Well... you'd think that they would have at least looked for those WMD's the Bush apologists keep saying Saddam shipped to Syria while they were there.

MULTITASK, people!

LONDON — The CIA employed Syria as a contractor for detention and torture of Al Qaida suspects, a report said.

The Council of Europe released a report that outlined CIA cooperation with Syria from 2001 through 2004. The report, which focused on secret CIA flights of Al Qaida suspects, asserted that the U.S. intelligence agency sent abducted Syrian natives from Europe to Damascus, where they were imprisoned and tortured by Syrian intelligence.

[The United States has disputed the findings of the report. State Department spokesman Sean McCormack said the report contained "a lot of allegations but no real facts."]

The report cited Maher Arar, a Canadian citizen of Syrian origin, abducted by the FBI during a stopover in New York and flown to Syria. Arar was said to have been tortured for 10 months in a prison operated by Syrian intelligence.
"According to Mr. Arar, the [CIA] agents on board the aircraft never identified themselves, but he heard that they belonged to a 'special removal unit,'" the report said. "In this specific case, the handing over of Mr. Arar to Syria seems to be a well established example of 'outsourcing of torture,' a practice mentioned publicly by certain American officials."

"CIA aimed to take terrorist suspects in foreign countries 'off the streets' by transporting them back to other countries, usually their home countries, where they were wanted for trial, or for detention without any form of due process," the report said.

Syria, deemed by the State Department a terrorist sponsor, was said to have been a leading contractor of the CIA, the report, released on Wednesday, said. The Council of Europe said the regime of President Bashar Assad accepted Syrian natives, including dissidents, who had renounced their Syrian citizenship and resettled in the West.

The CIA did not expect to obtain intelligence from the Al Qaida suspects, the report said. The council quoted former CIA agent Michael Scheuer, who designed the program in the mid-1990s, as saying that the agency doubted the veracity of any information extracted from Al Qaida suspects.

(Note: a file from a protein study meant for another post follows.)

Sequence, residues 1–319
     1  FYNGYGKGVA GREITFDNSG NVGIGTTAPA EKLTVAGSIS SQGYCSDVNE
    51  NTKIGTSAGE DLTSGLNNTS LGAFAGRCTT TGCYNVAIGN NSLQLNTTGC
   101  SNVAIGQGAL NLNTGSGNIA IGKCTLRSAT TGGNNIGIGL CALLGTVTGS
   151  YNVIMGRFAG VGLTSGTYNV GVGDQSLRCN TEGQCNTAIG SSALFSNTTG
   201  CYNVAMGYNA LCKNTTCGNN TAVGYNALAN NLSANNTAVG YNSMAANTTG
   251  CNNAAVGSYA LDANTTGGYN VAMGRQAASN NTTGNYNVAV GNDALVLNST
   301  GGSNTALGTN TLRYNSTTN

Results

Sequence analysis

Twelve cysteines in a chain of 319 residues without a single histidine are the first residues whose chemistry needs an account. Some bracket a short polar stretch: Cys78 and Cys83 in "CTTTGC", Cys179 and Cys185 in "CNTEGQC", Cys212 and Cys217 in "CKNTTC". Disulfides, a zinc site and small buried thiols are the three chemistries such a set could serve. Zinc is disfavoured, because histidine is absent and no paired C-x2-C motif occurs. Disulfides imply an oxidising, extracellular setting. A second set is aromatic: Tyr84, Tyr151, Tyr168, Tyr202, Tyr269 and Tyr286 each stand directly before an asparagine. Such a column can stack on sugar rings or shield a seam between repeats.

"It was never intended to talk to any of these people," Scheuer told the council. "Success, at least as the agency defined it, was to get someone, who was a danger to us or our allies, 'off the street' and, when we got him, to grab whatever documents he had with him. We knew that once he was captured he had been trained to either fabricate or to give us a great deal of information that we would chase for months and it would lead nowhere. So interrogations were always a very minor concern before 9/11."

Western diplomats said the 67-page report elaborated the U.S.-Syrian intelligence cooperation on the war against Al Qaida. For several years, the CIA and State Department — arguing that Damascus was helping the U.S. intelligence community — opposed congressional sanctions against the Assad regime.

Authored by Swiss parliamentarian Dick Marty, the report said some of those abducted and sent to Damascus were Syrian opposition members without ties to Al Qaida. In at least one case, the Western media were provided disinformation that suggested that the detainee was an Al Qaida operative.

In October 2001, the report said, Mohammed Zammar, a German of Syrian origin, was detained in Morocco. Several weeks later, Zammar was taken on a CIA-linked aircraft for a flight to Damascus.

"There have been allegations that Mr. Zammar's arrest in Morocco was facilitated through the provision of information by German services, that he was tortured by Syrian services and that he was questioned in Syria by German officials," the report said. "Mr. Zammar's arrest in Morocco was objectively facilitated by exchanges of information between the German services and their Dutch, Moroccan and also American counterparts."

The report said Jordan and Morocco also cooperated with the CIA in the secret flights and detention of Al Qaida suspects. Other countries cited were Algeria, Cyprus, Egypt, Iraq and Turkey, described as detainee transfer or drop-off points.

In October 2003, the report said, Muhammad Bashmila and Salah Ali Qaru were arrested in Jordan and "disappeared." In 2002, Binyam Mohamed Al Habashi, an Ethiopian national and resident of Britain, was arrested in Pakistan, interrogated by U.S. officials and sent to Morocco for detention.

"Upon asserting his [Al Habashi] right to a lawyer, and later upon refusing to answer questions, American officers are alleged to have told him: 'The law has been changed,'" the report said. '"There are no lawyers.

You can cooperate with us the easy way, or the hard way. If you don't talk to us, you're going to Jordan. We can't do what we want here, the Pakistanis can't do exactly what we want them to do. The Arabs will deal with you."